New research by the Australia Institute’s Centre for Future Work shows the Federal Government’s omnibus industrial relations bill will lead to a significant increase in employer-designed enterprise agreements (EA) that reduce workers’ pay and conditions, rather than improve them—signaling a return to the WorkChoices pattern of EA-making and putting further downward pressure on Australia’s already

January 2021

Yes, lockdowns mean lost jobs. But data shows that not locking down causes much more economic damage

by Jim Stanford in Toronto Star

With new stay-at-home orders covering many parts of the province, Ontarians are settling in for a month (at least) of daunting isolation. Restrictions are also being tightened in other provinces to slow the spread of COVID-19, until vaccines can turn the tide of the pandemic. Despite accelerating infection and overflowing hospitals, many oppose the new restrictions on

December 2020

Pandemic Exacerbated Inequality, Insecurity in Australia’s Labour Market

A year-end review of the dramatic changes in Australia’s labour market in 2020 has confirmed that the worst economic impacts of the Covid-19 pandemic were felt by Australians in relatively low-paid, insecure jobs. Key Findings: Workers in casual jobs lost employment at a rate 8 times faster than those in permanent positions Part-time workers suffered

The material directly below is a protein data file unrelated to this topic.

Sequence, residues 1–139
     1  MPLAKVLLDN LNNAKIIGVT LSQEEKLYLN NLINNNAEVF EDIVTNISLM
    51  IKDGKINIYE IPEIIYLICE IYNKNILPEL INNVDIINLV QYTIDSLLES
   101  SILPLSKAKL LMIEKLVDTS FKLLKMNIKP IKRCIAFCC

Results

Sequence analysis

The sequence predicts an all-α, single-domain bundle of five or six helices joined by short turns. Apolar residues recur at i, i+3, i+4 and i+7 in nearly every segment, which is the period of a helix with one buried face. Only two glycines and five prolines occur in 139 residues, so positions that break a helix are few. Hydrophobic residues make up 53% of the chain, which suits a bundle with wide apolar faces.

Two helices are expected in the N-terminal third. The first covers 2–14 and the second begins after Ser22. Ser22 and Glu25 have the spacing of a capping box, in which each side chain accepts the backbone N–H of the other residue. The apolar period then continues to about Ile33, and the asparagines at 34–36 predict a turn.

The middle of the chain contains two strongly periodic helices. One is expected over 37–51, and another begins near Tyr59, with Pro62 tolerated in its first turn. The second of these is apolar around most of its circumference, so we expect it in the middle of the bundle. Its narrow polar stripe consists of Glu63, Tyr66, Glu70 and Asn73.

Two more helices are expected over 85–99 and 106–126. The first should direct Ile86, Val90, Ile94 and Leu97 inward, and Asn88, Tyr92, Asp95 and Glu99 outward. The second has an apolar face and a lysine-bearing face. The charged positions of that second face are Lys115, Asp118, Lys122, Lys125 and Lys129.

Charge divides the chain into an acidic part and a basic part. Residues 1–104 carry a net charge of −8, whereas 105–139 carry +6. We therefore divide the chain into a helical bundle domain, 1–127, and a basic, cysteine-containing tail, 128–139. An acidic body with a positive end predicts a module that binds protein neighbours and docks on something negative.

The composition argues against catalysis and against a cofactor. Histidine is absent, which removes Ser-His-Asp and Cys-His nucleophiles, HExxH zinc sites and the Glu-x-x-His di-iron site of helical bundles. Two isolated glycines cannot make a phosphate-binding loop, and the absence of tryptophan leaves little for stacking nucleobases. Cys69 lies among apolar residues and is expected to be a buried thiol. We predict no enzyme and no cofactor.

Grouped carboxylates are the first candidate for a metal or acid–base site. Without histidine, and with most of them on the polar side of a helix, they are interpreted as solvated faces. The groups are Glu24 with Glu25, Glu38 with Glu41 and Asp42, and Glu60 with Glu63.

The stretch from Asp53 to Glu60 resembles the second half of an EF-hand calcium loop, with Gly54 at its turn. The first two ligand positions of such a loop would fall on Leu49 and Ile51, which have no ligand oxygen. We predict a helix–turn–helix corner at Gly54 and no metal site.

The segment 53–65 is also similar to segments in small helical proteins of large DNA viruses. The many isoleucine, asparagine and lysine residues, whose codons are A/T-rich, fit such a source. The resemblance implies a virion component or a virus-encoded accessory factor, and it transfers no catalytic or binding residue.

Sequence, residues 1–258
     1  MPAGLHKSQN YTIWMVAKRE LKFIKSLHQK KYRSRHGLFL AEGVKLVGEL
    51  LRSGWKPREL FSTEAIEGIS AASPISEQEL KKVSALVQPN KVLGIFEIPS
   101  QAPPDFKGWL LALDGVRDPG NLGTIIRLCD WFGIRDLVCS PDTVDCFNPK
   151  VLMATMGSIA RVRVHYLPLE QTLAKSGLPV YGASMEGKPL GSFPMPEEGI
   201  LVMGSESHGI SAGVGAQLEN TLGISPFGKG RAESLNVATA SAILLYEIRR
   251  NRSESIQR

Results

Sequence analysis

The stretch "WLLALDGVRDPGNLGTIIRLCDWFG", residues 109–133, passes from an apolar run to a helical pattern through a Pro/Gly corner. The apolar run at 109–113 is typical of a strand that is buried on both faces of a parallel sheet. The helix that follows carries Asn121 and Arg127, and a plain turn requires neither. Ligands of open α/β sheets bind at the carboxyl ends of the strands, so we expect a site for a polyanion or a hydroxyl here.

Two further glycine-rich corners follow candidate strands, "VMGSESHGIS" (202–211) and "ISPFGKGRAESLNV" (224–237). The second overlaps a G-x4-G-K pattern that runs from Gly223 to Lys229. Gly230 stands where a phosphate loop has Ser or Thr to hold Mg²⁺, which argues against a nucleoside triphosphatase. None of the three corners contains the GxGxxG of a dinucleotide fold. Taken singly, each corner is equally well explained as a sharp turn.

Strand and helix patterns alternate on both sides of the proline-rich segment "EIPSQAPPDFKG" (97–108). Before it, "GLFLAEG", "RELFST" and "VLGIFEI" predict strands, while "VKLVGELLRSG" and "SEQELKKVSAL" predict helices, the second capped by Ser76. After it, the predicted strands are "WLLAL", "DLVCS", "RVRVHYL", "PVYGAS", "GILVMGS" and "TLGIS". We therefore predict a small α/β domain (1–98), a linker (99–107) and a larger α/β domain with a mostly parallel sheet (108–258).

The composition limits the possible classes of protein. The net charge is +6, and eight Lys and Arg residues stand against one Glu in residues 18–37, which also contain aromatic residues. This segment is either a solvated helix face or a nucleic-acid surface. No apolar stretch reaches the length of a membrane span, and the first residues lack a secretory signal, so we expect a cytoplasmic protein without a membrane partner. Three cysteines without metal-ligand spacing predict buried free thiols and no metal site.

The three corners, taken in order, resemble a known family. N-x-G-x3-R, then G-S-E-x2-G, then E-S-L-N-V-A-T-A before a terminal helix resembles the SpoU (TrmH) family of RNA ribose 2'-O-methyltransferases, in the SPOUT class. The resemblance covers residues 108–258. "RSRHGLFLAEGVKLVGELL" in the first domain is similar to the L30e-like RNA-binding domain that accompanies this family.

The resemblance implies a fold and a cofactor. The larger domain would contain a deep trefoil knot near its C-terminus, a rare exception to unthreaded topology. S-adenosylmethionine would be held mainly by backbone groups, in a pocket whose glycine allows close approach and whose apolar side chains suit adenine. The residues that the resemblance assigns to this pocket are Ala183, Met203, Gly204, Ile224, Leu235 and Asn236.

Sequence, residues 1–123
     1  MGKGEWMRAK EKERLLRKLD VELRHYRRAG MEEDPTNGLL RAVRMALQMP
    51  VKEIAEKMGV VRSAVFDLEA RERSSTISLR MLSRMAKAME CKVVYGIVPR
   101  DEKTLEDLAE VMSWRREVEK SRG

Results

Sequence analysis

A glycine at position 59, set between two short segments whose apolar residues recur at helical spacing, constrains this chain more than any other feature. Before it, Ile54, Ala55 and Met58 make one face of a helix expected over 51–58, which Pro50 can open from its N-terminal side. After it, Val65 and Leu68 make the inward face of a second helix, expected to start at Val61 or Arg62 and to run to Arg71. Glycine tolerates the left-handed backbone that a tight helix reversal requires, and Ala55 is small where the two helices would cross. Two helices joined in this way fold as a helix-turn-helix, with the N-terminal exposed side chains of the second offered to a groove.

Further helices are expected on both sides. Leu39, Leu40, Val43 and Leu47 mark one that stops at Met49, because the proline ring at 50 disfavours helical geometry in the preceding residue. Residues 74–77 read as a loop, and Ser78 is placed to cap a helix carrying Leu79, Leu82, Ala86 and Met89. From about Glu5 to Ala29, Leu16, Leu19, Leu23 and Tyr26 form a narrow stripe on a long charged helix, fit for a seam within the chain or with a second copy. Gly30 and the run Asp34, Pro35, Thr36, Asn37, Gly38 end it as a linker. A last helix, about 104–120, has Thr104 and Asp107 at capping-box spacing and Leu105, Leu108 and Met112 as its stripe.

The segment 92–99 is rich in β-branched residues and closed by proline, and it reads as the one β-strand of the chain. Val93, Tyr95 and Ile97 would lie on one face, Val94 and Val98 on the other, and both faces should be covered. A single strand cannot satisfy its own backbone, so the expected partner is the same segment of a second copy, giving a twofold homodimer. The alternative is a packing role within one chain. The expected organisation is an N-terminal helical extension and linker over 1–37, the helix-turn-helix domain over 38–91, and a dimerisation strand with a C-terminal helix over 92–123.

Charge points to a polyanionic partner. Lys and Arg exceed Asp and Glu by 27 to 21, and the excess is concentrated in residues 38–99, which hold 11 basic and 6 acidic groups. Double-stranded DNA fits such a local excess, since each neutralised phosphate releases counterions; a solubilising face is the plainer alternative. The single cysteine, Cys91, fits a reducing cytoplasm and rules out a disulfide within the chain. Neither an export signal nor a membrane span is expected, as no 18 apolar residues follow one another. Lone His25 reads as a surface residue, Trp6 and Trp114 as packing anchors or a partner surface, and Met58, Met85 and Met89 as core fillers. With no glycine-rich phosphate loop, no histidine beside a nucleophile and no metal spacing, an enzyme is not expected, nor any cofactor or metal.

New Research Centre Established to Honour Union Leader Laurie Carmichael

A new research centre dedicated to the legacy of one of Australia’s greatest union leaders will be established in 2021 at the Australia Institute. The newly formed Carmichael Centre will be established at the Australia Institute’s Centre for Future Work, in the name of legendary manufacturing unionist Laurie Carmichael, who passed away in 2018 at

November 2020

Australian Workplaces Unprepared for Rising Heat Stress in Light of Climate Change

Last Summer’s devastating Black Summer bushfires exposed the under-preparedness of Australian workplaces to the serious health and safety risks of heat stress for many workers across Australia. Heading in to next Summer season, new research published today by the Centre for Future Work, outlines why working in extreme heat is a growing and urgent issue